- Associated Press - Saturday, May 28, 2016

ATLANTA (AP) - Atlanta in the 1970s was way stranger than we remember.

The Old South pushed up against a New Age; hippies gathered in Piedmont Park and gay pride marchers ventured to Peachtree Street. A political revolution brought African Americans into power while an economic sea change brought money to the whole region.

Boyd Lewis, once described as the “white boy with the black press,” stayed busy documenting the upstart town, as a reporter and photographer with the Atlanta Voice and the Atlanta Inquirer and as an editor, reporter, anchor and producer with public radio station WABE.

Lewis recently donated 15,000 images to the Atlanta History Center, adding to a gift he made in 1985, bringing the total to 25,000 images, plus some audio tapes and other items. The fascinating exhibit, “Flashback: Atlanta in the 70s, The Photography of Boyd Lewis,” currently showing at the Margaret Mitchell House in Midtown, is drawn from this archive.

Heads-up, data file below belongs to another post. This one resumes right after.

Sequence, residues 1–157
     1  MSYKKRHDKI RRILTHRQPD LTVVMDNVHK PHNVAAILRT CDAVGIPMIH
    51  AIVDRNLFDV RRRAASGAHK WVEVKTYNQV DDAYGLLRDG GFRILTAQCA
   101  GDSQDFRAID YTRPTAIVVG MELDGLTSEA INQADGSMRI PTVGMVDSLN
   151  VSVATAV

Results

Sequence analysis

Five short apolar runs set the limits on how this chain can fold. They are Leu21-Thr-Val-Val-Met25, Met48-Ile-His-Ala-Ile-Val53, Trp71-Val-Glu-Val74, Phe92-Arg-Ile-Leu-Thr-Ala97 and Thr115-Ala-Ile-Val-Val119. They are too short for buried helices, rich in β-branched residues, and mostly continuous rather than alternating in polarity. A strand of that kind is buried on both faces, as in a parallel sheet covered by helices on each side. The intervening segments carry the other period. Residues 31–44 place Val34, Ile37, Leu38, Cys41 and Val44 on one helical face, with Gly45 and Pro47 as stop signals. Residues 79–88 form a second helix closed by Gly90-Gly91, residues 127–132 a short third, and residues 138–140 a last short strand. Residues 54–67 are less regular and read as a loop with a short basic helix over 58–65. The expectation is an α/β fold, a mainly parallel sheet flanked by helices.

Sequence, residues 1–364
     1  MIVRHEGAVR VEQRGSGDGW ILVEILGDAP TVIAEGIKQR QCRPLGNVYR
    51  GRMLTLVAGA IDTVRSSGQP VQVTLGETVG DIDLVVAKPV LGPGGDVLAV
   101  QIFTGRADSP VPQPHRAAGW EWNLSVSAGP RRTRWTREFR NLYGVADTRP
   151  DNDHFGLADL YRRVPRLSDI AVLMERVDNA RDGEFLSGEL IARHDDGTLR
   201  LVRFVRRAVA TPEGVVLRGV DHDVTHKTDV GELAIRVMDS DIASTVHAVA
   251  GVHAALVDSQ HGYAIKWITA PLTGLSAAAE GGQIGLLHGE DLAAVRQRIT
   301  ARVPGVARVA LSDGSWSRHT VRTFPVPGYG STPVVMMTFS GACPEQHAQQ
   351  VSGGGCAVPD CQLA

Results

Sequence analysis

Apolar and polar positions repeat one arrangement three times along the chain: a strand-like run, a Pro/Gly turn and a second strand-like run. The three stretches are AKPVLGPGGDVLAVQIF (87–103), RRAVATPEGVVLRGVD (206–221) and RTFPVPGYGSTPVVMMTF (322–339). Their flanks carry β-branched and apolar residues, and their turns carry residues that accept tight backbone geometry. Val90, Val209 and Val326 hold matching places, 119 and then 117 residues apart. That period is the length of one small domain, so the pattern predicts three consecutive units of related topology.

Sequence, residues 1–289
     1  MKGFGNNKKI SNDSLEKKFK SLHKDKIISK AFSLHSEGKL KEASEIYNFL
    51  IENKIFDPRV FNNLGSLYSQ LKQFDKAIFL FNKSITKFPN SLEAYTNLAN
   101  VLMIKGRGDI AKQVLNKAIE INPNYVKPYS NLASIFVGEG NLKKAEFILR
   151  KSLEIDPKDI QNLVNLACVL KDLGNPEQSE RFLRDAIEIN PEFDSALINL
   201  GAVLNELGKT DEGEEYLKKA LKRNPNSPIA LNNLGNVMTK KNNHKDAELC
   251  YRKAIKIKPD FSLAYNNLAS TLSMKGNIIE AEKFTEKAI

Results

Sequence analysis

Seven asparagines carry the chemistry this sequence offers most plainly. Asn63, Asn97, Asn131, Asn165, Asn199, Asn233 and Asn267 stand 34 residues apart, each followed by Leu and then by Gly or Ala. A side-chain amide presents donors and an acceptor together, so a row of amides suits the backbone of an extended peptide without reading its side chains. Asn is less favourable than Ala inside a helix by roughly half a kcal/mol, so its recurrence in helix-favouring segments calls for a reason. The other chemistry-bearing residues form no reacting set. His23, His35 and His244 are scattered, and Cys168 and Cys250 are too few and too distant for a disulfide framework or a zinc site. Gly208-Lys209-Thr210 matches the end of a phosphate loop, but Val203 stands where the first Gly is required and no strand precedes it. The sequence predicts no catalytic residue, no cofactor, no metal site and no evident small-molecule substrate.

The show includes 60 images and three videos and will be on display until next January.

Among the classic images that Lewis captured:

.A marcelled Maynard Jackson at his elaborate inaugural, the Atlanta Symphony Orchestra performing behind him.

.Krishna Consciousness devotees, clad in dhotis and high-top Converse sneakers, joyfully banging their two-headed drums in Piedmont Park.

.A fabulous gay pride cohort, awash in feathers and parasols, waving from the windows, roof, bed and hood of a blue pickup truck.

In 1997 Boyd moved to Los Angeles to teach high school and middle school. Now retired, Lewis said he found teaching as rewarding as journalism. “You’d get the fulfillment and feedback every day you walked into the classroom.”

Lewis’ curiosity was tireless, and the result of his watchfulness is this colorful record. “There were better photographers than I, more evocative audio artists and God knows, more story-telling writers,” Lewis said recently. “But I can’t think of anyone else who did it all.”


Information from: The Atlanta Journal-Constitution, https://www.ajc.com

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